"What is the most gonzo kitchen sink RPG you ever played? How was it?"
To be fair, the entire kitchen sink doesn't really fall into the core book of Monsters Etc., but in Ross Payton's Road Trip, it definitely starts plucking from a variety of inspirations. Whether pulling liberally from Greek mythology, classic Orwellian literature, Saban after-school entertainment, summer blockbusters, or our utter obsession with Zombie culture, Road Trip takes you on a nostalgia trip through what is, essentially, a Generation Y-er's childhood.
To be honest, I'm not exactly sure how to run Monsters, Etc., because I'm concerned that the proper way might be exactly how I don't like to GM, with players power-tripping over the entirety of the plot. Of course, there is the likelihood that in their power trip they make things worse, but I suppose in my mind, the concept of monsters existing means that PCs should be nigh-powerless.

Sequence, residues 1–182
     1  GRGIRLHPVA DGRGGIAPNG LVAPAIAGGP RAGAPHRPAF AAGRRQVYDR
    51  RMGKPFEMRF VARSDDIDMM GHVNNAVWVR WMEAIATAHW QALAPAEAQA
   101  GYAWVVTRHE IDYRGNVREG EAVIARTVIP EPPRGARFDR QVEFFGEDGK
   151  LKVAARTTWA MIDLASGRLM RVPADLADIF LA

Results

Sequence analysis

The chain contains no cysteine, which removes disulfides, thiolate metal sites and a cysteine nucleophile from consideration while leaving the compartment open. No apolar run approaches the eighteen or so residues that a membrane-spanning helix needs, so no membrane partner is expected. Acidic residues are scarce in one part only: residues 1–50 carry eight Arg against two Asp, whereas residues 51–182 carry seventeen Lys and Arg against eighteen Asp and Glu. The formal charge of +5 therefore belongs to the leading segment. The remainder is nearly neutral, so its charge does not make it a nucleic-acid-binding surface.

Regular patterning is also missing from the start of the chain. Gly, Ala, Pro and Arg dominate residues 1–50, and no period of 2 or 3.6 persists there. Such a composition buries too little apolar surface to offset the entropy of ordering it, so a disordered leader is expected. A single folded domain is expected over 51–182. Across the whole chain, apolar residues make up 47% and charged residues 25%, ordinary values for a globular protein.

It's a Call of Cthulhu mentality, and I'm not ashamed of it.
My first session with Monsters wasn't exactly my best introduction to the system, either, as I had easily seven people at my gaming table, all new to the One Roll Engine, and each having their own monster, courteously (or maliciously) run by the person to their left. This left me with essentially fourteen PCs that were acting like children because, well, they were playing children. I was utterly relieved when that game ended, and I don't think I'll ever go back.
I really don't think I'm cut out to be a parent.